Im­prob­a­ble and Bossa, acutely aware of the value in their offering, are em­ploy­ing shock and awe tac­tics, which, if suc­cess­ful, could ce­ment their place at the fore­front of on­line games for the decade to come. As Im­prob­a­ble’s lab rat, Bossa has had to solve a great many prob­lems of its own, such as the global physics in Worlds Adrift, con­tribut­ing the re­sults back to Im­prob­a­ble’s code li­braries. Dean Hall’s mys­te­ri­ous workin-progress, Ion, also uses Im­prob­a­ble and al­ready in­cor­po­rates code writ­ten by Bossa. How­ever, the enor­mity of their joint am­bi­tions is made clear in the rev­e­la­tion that Worlds

Adrift will be fork­able in its en­tirety: any new de­vel­oper can press a but­ton and gen­er­ate a fresh copy of Worlds Adrift, run­ning on Im­prob­a­ble’s servers, to edit how­ever they please. Any­thing Bossa can do, you can do.

“To be clear here,” Narula says, “the mod­ders or the fork­ers of the game will be able to sup­port de­ploy­ments of big sizes, just like Bossa can. It’s a ser­vice that they’re also able to use. If their version of the game is more pop­u­lar, then peo­ple will be on that! And Bossa have a deal which means they’ll do well too. The cost will be pro­por­tional to the scale of the world,

which is hap­pen­ing or­gan­i­cally de­pend­ing on how suc­cess­ful their game is.”

Narula presents his ap­proach to on­line gam­ing with such el­e­gance as to make it seem im­pos­si­ble that this has never been at­tempted. It’s easy to forget that it has taken the com­bined brain­power of for­mer mem­bers of Google, Ama­zon, Gold­man Sachs and Cam­bridge Univer­sity to de­velop the tech­nol­ogy, a feat he didn’t see hap­pen­ing within the game in­dus­try it­self.

“The re­al­ity is that the in­fra­struc­ture we had to build didn’t ex­ist, and a lot of stuff we’ve had to pretty much in­vent our­selves,” Narula tells us. “The game in­dus­try wouldn’t have cre­ated an in­vest­ment hole that would have at­tracted the non-gam­ing tech­ni­cal tal­ent nec­es­sary to make it hap­pen, be­cause the prob­lem sits be­tween gam­ing and out­side of gam­ing.”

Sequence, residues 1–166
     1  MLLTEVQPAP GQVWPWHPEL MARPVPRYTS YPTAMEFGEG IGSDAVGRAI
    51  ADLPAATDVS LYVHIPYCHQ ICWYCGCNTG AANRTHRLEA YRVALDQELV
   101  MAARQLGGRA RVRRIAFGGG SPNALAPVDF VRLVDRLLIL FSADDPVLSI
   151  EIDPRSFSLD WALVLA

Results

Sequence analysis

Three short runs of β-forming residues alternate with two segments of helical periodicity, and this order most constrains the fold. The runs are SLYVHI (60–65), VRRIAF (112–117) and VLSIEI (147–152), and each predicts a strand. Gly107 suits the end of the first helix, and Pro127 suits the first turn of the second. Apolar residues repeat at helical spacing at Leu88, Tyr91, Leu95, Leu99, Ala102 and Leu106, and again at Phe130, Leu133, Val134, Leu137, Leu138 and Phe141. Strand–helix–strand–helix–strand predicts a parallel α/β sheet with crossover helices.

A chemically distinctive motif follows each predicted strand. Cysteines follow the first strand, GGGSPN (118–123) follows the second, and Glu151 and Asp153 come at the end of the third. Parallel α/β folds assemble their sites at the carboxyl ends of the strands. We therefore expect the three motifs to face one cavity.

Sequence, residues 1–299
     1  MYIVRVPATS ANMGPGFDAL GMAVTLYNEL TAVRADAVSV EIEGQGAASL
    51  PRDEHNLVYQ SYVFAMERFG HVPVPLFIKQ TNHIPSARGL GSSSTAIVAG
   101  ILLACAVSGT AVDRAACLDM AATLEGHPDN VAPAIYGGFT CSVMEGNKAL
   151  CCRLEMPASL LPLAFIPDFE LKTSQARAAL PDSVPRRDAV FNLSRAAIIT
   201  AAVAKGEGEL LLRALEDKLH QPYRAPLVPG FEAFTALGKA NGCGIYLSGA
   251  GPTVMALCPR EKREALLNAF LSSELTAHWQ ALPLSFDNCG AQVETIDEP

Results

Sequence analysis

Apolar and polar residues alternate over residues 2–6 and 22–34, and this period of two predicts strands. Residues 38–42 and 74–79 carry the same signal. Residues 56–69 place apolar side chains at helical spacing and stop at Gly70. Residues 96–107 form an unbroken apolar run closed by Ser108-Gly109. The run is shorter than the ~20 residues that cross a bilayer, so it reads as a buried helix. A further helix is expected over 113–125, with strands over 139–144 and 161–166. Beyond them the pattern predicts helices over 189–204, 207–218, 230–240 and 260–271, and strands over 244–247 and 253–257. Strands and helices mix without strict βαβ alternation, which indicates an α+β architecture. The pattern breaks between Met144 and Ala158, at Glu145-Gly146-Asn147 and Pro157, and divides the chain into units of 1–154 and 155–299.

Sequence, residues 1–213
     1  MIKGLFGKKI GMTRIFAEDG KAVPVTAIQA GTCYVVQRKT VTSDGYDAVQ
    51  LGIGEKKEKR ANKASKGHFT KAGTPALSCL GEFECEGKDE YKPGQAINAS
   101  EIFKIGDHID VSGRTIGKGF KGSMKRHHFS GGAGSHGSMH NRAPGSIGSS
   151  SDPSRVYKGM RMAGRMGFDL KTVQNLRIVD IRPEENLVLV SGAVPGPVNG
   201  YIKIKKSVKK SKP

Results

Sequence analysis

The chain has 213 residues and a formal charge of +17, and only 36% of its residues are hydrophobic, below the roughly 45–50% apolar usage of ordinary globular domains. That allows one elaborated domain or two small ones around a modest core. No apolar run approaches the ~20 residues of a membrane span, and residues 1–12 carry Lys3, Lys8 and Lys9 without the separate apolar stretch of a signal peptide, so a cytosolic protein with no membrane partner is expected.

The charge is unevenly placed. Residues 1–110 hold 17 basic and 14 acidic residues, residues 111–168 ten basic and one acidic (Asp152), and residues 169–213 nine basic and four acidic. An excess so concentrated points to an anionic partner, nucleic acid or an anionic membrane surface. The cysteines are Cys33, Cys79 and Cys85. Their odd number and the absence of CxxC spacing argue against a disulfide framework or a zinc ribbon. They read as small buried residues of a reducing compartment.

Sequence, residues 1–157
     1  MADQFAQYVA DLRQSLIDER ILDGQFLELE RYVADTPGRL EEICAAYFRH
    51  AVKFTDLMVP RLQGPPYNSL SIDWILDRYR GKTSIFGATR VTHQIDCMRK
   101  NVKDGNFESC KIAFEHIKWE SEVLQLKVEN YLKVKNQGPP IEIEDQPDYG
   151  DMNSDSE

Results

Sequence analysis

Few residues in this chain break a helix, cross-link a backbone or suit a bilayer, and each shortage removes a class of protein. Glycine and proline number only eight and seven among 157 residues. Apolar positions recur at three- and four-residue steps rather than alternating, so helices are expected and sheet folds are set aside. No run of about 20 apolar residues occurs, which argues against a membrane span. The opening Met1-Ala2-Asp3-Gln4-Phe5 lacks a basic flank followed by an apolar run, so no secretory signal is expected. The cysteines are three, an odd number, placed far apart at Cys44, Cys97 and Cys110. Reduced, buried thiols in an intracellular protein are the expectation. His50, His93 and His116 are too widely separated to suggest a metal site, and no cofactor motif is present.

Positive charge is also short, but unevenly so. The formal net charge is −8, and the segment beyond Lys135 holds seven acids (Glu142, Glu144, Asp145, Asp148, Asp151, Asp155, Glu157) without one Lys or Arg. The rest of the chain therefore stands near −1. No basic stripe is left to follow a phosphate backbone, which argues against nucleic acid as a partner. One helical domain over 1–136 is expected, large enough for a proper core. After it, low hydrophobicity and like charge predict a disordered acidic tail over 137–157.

Im­prob­a­ble’s ap­proach to dis­trib­uted sys­tems is a so­lu­tion to a gen­eral prob­lem: many in­dus­tries, from health­care to util­i­ties, need re­al­time, in­ter­ac­tive sim­u­la­tions to run across mul­ti­ple net­works. Im­prob­a­ble splits work that was pre­vi­ously in­di­vis­i­ble. Given de­mand and ob­vi­ous in­vestor in­ter­est, it begs the ques­tion of why Im­prob­a­ble is work­ing with games at all. In col­lab­o­rat­ing with Bossa, Im­prob­a­ble hopes to show­case its in­ven­tion in set­tings that pro­voke won­der – tac­tile game worlds that con­vey the po­ten­tial of a new tech­nol­ogy in ways board­room Pow­er­Points can’t. Worlds Adrift, which al­lows you to soar with friends in a ship of your col­lec­tive de­sign, sift­ing wreck­age, and making history, looks set to do just that.

Sev­eral fea­tures are the prod­ucts of in­ter­nal one-day game jams, in­clud­ing the glider and a cam­era to take selifes that you can frame

Those dents aren’t likely to buff out. At­tach plat­ing to your ship and it con­forms to the cur­va­ture of the skele­ton, re­tain­ing its shape and any bat­tle scars should it pop off

De­signer Luke Wil­liams pre­vi­ously worked on Bossa’s IAmBread and Sur­geon Sim­u­la­tor

The ship­yard is an anti-grav­ity field used for con­struct­ing ships be­fore they get their own cores. It takes some of the has­sle out of phys­i­cal con­struc­tion, al­low­ing you to at­tach parts with ease

Is­lands are drawn from a queue and ar­ranged such that you’re never much far­ther than one tow­er­ing cloud­bank away from sight­ing land

Jour­ney is a pow­er­ful in­flu­ence. Though Bossa has stress-tested Worlds Adrift with le­gions of bots, it in­tends each meet­ing of crews to be sig­nif­i­cant and mem­o­rable

In the heart of Lon­don’s Shored­itch, de­sign­ers, artists and mar­keters work next to each other in Bossa’s open-plan of­fice

Her­man Narula, CEO of Im­prob­a­ble, is three years clear of Cam­bridge and, along with Rob White­head, has found him­self lead­ing an en­vi­ably tal­ented team